Even if there is a security problem in a device, the firmware (the device’s software) is not always easy to update. There are also costs involved in doing so which manufacturers of lower-end devices may not be willing to incur.

With devices which are typically infrequent and long-lasting purchases e.g. white goods, we tend to keep them until they stop working, and we are unlikely to replace them because they have a security vulnerability that is not fully understood. As such these devices are likely to remain available to be used by cybercriminals for a long time.

What Does This Mean For Your Business?

Introducing legislation that only requires manufacturers to make relatively simple changes to make sure that smart devices come with unique passwords and are adequately labelled with safety and contact information sounds as though it shouldn’t be too costly or difficult.  The pressure of having, by law, to display a label that indicates how safe the item is could provide that extra motivation for manufacturers to make the changes and could be very helpful for security-conscious consumers.

The motivation for manufacturers to make the changes to the IoT devices will be even greater when faced with the prospect of retailers eventually being barred from selling products that don’t have a label, as is the plan with this proposed legislation.

The hope from cybersecurity experts and commentators is that the proposal isn’t watered-down before it becomes law.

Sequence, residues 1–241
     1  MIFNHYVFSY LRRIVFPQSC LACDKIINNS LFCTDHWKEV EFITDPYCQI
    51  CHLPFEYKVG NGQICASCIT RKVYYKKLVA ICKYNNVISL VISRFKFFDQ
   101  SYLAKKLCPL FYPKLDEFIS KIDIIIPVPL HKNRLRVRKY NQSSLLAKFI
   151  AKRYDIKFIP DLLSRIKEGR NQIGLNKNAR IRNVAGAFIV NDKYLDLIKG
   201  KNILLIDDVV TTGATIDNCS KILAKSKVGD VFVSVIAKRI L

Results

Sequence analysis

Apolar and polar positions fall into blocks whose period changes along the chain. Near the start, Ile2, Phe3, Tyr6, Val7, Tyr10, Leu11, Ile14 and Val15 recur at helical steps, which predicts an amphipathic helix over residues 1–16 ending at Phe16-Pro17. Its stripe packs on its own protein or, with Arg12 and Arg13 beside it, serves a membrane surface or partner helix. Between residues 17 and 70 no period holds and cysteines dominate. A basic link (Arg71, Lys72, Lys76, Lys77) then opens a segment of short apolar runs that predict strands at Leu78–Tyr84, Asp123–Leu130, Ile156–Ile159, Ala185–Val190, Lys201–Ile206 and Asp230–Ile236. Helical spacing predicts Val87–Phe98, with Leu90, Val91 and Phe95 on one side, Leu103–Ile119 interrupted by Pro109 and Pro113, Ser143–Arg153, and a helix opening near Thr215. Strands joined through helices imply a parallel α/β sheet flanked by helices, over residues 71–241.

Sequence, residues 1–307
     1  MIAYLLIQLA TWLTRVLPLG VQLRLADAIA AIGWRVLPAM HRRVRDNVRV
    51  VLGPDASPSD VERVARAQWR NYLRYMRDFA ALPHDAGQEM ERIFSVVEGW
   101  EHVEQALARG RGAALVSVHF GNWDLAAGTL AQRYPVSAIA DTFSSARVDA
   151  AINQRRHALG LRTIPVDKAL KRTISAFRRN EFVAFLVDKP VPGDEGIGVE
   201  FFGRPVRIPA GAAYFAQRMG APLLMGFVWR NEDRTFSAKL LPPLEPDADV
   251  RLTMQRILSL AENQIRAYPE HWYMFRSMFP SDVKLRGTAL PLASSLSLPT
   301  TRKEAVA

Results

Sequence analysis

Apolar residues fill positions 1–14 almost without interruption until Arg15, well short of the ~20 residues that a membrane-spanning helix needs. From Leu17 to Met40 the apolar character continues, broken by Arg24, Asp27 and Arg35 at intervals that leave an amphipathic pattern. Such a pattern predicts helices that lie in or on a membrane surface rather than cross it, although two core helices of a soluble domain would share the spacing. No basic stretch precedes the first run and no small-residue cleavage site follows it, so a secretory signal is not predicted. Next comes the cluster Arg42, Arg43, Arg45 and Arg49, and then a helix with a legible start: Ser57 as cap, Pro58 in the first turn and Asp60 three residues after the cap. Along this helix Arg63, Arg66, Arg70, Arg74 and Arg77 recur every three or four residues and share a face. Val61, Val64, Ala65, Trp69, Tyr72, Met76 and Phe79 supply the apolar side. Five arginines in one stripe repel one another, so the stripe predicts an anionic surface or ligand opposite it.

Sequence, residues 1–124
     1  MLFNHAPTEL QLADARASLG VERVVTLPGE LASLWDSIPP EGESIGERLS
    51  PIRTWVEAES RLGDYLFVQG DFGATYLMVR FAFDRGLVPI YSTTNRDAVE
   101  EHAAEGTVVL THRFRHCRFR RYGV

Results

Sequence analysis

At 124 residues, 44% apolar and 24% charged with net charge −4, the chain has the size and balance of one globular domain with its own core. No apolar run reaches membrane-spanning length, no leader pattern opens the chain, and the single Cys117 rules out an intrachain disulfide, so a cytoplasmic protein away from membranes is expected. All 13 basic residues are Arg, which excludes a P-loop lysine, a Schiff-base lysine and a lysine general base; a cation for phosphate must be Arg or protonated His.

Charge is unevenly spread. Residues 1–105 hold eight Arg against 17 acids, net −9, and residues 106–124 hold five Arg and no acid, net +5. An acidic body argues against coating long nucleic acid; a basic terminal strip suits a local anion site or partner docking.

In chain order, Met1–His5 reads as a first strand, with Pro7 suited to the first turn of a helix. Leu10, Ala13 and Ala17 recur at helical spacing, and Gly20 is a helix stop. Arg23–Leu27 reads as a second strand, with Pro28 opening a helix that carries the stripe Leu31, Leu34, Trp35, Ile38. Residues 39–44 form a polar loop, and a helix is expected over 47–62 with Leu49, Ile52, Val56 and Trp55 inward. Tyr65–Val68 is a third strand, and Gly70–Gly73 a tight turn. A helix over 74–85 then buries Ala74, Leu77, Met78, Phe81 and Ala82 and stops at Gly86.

G7 Cyber Attack Simulation To Test Financial Sector

The G7 nations will be holding a simulated cyber-attack this month to test the possible effects of a serious malware infection on the financial sector.


The attack simulation was organised by the French central bank under France’s presidency of the Group of Seven nations (G7).  The three-day exercise will be aimed at demonstrating the cross-border effects of such an attack and will involve 24 financial authorities from the seven countries, comprising central banks, market authorities and finance ministries.  It has been reported that representatives of the private sector in France, Italy Germany and Japan will also participate in the simulation.


As reported in March in a report by the Carnegie Endowment for International Peace (co-developed with British defence company BAE Systems), state-sponsored cyber attacks on financial institutions are becoming more frequent, resulting in destructive and disruptive damages rather than just theft.

The report highlighted how, of the 94 cases of cyber attacks reported as financial crimes since 2007, the attackers behind 23 of them were believed to be state-sponsored.  Most of these state-sponsored attacks are reported to have come from countries such as Iran, Russia, China and North Korea.

The report pointed out that the number of cyber attacks linked to nations jumped to six in 2018 from two in 2017 and two in 2016.